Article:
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The authors did a good job addressing the concerns raised.
The authors made relevant changes.
The authors made relevant changes.
The authors made relevant changes.
The reviewers have brought up a number of issues that must be fixed during revision of the paper. Please ensure that everything is addressed prior to re submission.
1. In most journals, animal mRNA names should be italicized e.g. Infγ (Italic, isn't supported on this webpage). I am not sure the formatting of PeerJ.
2. It is controversial to use gene name Tnfα in chickens and some researchers don’t think chickens have one. If you search on NCBI, you will see Litaf with alias of Tnfα. You’d better to write it as “Litaf (Tnfα)” at the first time if you really want to use Tnfα.
3. At line 135, you wrote “mean± standard deviation”, but at Table 3 legend, you wrote “mean± SE”. Please keep consistent across your manuscript.
4. At line 73, please add “antibiotic” before “flavomycin”.
Generally, the experiment design is reasonable. The mRNA data at jejunum are weak because most microbial activities and host immune response are in the low gut (ileum, ceca and large intestine).
1. The authors’ findings are relevant to poultry industry. It is consistent that using antibiotic flavomycin (FLA) improved body weight gain and reduced IgG and IL-2 (a sign of lower inflammatory status), but it is interesting that FCR wasn’t improved by FLA.
2. The discussion section is better be more concise and focus on what is closely related to your data in the result section. For example: from lines 176 to 180, the authors don’t have any data related to XOS degradation/digestion and it distracts readers from your main points. From lines 194 to 211, the authors discussed various bacteria, SCFAs, XOS, and FLA. The authors don’t have any data on the bacteria. It would be better to use 1-2 sentences for this paragraph.
3. The authors suggested that increased body weight gain in XOS chickens was resulted from increased SCFAs and reduced immune response, but it wasn’t much convincing. Butyrate doesn’t improve body weight gain in healthy chickens as showed by Zhang et al., Br Poult Sci. 2011 Jun 1;52(3):292-301. The authors showed jejunal immune genes but the main site should be ceca in chickens. The IgG and IL-2 are comparable between CTL and XOS birds at 42 days of age, suggesting similar immune status. The author may read works about XOS and inflammation from Hansen et al. J Nutr. 2013 Apr;143(4):533-40, or other related papers.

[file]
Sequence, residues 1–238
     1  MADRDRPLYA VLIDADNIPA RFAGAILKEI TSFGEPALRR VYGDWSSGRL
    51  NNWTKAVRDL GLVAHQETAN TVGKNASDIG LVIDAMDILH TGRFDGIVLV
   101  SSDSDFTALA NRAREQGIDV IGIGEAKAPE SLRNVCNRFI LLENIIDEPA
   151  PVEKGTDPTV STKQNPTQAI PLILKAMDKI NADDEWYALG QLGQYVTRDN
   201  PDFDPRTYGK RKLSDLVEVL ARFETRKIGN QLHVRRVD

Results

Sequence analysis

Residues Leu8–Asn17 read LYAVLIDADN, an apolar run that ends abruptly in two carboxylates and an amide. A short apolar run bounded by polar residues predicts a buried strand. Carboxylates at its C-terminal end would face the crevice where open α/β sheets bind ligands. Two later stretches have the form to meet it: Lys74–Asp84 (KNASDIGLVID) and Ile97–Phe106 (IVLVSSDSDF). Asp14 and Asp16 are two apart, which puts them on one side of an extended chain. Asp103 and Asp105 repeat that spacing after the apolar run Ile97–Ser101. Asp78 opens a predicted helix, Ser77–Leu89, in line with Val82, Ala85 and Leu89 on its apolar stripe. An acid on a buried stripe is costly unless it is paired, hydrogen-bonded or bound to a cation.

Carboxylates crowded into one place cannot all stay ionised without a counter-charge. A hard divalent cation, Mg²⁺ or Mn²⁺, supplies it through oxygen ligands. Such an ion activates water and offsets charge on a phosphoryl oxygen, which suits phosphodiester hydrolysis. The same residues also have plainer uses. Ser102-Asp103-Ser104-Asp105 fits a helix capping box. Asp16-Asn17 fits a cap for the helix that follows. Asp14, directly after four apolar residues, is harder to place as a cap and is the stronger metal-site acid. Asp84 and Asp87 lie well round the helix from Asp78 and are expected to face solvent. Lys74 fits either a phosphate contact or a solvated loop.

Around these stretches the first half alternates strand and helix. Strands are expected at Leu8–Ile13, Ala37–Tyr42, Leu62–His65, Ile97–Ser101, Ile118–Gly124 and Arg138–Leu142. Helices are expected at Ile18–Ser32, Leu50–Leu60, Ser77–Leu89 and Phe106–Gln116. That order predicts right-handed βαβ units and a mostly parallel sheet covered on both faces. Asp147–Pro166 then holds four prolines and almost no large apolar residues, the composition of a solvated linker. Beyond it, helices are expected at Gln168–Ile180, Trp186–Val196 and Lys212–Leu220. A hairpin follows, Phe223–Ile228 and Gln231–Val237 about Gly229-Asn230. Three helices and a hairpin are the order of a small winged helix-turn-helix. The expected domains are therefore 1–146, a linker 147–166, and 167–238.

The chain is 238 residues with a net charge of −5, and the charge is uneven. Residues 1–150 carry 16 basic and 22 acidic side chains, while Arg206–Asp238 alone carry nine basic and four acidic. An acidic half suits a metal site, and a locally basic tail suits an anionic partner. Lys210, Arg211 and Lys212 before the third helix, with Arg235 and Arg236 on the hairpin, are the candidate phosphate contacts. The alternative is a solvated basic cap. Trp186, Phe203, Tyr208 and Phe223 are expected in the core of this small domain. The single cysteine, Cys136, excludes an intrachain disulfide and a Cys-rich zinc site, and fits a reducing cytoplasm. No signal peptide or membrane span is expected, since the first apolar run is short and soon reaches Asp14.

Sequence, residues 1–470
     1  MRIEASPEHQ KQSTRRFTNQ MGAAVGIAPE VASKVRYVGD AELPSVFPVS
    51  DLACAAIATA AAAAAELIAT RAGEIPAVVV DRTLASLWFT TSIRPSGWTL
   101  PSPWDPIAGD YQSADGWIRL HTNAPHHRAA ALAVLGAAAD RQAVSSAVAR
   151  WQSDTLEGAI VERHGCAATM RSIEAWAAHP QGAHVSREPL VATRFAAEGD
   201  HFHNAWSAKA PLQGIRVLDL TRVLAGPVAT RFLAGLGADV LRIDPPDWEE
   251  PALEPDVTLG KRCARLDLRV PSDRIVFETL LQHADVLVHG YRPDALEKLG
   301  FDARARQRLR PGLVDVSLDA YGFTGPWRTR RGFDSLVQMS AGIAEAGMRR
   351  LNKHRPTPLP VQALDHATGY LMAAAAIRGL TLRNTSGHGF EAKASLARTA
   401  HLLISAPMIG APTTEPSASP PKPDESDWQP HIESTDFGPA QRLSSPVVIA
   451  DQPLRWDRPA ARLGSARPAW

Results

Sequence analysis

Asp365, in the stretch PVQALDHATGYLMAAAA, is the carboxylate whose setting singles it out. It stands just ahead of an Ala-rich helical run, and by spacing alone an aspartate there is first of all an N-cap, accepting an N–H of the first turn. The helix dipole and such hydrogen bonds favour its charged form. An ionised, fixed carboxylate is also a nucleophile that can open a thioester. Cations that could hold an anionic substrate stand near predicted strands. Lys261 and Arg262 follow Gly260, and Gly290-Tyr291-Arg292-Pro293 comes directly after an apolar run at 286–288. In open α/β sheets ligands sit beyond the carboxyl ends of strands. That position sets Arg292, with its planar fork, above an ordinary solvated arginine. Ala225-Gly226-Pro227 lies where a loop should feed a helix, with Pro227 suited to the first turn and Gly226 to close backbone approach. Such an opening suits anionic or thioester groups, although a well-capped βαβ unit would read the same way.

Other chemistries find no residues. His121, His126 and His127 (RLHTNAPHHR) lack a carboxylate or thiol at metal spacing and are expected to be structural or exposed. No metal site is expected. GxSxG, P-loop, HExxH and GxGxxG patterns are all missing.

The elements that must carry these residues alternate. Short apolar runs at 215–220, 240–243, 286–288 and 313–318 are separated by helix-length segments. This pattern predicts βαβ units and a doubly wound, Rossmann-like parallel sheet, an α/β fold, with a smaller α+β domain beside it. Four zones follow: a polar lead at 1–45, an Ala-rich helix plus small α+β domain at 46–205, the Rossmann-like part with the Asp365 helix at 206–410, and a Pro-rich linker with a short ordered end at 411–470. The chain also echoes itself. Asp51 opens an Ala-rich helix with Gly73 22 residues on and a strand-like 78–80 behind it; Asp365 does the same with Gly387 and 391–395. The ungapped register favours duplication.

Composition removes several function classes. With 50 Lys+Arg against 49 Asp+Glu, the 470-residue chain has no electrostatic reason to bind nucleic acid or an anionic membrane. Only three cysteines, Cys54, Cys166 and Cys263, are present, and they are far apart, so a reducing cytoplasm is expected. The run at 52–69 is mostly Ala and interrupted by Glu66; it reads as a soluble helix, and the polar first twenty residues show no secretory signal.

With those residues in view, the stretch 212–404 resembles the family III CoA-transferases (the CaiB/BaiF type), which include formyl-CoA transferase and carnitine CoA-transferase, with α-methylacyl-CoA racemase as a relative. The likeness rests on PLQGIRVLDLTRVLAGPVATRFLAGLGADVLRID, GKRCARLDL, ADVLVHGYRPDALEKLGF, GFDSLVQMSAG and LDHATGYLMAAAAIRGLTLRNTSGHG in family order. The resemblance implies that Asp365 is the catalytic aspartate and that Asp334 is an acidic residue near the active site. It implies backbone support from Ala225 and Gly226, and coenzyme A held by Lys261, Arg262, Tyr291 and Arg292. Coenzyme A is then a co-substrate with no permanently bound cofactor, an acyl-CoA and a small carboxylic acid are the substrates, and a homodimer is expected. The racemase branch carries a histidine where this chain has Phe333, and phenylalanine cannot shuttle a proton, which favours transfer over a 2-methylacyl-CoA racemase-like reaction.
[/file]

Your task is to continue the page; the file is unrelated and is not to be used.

Please improve your writing, below are some examples:
At line 37, “not adding AGPs to poultry feed” changes to “poultry feed without AGPs”
At line 62-63, “during which proteins are secreted that regulate immune responses by ..” changes to “where secreted proteins regulate immune response on.. ”
At line 82, “Broilers were reared for 42 days, were free to feed and drink water” changes to “Broilers were received feed and water ad libitum for 42 days”
At line 144, “supplementary” changes to “supplementing”
Lines 29-30: “reduced their susceptibility to disease” This is not a proper interpretation for this study in which no disease challenge was used or specific disease diagnosed.
The introduction could be improved to more clearly introduce the hypothesis and justify the experimental design. There is a lot of general information included that does not necessarily strengthen the justification of the experimental design. There needs to be more direct emphasis on the test compounds and their potential effects. Why was flavomycin chosen as the compound compare with XOS?
Additional changes to the Introduction below:
Line 44: Change “Therefore, it is possible that adjust…” to “Therefore, it is possible to adjust…:
Line 46: It seems that “prebiotic” should be “probiotic”
Line 48: “proved” should be “proven”
Lines 48-52: The last 2 sentences of this paragraph could probably be combined and/or streamlined to improve flow and clarity.
Line 65: The sentence beginning “When cytokines..” is poorly phrased and can be improved.
Line 76: “Explain possible beneficial effects of antibiotics…” XOS is not an antibiotic, so this should be revised accordingly.
Materials and Methods
What breed cross of broilers was used?